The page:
Cane and Able

Whether you’re talking comfortable shoes or contact lenses, proper fit is key. The same is true for canes, crutches or wheelchairs. For people who spend a majority of their daily lives using them, fit can be crucial, says Dr. Thao Tran, The Institute for Rehabilitation and Research (TIRR), Houston, and The University of Texas-Houston Medical School.

In most cases, physicians, therapists and rehabilitation representatives work together to make sure that patients get the proper fit. Your doctor or physical therapist should discuss the biomechanics (physical principles of body movement) that make for efficient use with you. “Learning how to use a cane or crutches properly helps you prevent injury and become biomechanically efficient,” said Ginny Keely, P.T., M.S., of Southwest Texas State University’s Physical Therapy Department.

All About Canes
Get the most from your cane with these tips from Keely:
Canes are valuable for people with weak muscles, balance problems or those who need to reduce the pressure on weight bearing body parts (hips or knees).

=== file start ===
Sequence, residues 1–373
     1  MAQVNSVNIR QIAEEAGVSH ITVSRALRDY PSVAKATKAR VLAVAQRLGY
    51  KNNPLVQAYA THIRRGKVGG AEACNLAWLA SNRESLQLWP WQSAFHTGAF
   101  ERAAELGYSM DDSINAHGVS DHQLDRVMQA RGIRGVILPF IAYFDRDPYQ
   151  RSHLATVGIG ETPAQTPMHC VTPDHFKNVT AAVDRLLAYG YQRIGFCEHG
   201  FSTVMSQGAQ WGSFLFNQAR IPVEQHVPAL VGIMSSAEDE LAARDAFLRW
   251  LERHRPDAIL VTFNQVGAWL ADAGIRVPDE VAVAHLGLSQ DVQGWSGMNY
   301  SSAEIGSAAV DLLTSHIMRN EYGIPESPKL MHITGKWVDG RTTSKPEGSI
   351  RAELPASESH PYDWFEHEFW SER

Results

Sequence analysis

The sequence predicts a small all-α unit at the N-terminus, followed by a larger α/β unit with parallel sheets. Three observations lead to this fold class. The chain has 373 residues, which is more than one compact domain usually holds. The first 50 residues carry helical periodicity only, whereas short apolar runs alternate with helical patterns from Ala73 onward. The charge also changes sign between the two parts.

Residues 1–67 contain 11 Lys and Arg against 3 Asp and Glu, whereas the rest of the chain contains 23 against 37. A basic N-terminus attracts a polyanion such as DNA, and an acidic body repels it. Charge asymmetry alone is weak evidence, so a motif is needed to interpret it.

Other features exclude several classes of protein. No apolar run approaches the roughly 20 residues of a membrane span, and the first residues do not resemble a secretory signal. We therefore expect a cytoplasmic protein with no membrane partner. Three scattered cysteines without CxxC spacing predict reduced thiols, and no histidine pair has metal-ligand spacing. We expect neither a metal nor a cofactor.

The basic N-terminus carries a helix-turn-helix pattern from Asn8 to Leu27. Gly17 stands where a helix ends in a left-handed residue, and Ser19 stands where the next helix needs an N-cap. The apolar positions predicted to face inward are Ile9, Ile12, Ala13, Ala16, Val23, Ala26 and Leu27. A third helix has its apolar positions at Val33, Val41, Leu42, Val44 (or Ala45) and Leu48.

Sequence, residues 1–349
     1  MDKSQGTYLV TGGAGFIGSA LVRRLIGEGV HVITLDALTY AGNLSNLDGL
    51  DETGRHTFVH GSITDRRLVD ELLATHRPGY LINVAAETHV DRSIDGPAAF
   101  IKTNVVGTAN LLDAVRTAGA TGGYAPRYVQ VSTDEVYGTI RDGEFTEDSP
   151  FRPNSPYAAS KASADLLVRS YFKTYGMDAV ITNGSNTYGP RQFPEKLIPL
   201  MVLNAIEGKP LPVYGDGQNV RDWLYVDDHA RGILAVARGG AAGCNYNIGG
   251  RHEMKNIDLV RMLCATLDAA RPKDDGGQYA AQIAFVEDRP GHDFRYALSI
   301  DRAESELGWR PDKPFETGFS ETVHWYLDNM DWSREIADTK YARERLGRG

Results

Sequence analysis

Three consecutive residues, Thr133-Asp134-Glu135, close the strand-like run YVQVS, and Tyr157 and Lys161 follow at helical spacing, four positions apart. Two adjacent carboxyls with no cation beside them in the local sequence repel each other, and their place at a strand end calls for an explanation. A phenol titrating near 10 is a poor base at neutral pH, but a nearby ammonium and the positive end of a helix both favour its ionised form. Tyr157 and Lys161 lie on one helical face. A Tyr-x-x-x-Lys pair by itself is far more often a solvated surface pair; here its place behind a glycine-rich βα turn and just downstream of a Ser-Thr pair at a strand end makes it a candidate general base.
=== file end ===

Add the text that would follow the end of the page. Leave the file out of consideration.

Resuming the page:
For cane length, look to a qualified health professional.

Your elbow should be at a 15-degree to 25-degree angle when you are holding a cane.

Ergonomic handles or “pistol grips” decrease pressure and discomfort in your hand.

Make sure a healthy rubber tip is securely fastened on the end of your cane to avoid skidding or falling on slippery surfaces, such as tile or wood floors.
Cane or Walker?
According to Tran, a cane be used if the person’s balance is good, and if the weakness is on one side of the body (the cane is used on the stronger side of the body).

A walker should be used if the person’s balance is poor or fair, if there is weakness on both sides of the body, and if there are any weight-bearing restrictions on one or both legs.

Winning With Wheelchairs
If a wheelchair is your ride, look to these helpful suggestions from Tran and rehabilitation experts.
Many models of wheelchairs are now available, from complex motorized models to specialized racing chairs.

View the wheelchair not as an embarrassment, but as a way to conserve precious energy and gain mobility.

Have a wheelchair fitted by trained wheelchair fitting specialists, who usually work in conjunction with a physical therapist.

Your therapist should perform a musculoskeletal evaluation. Fitting specialists should make accurate measurements and recommend features to accommodate your particular postural and mobility needs.

Because they grow and change so fast, young people need more frequent fittings to make sure they’re getting the proper support from their wheelchairs.

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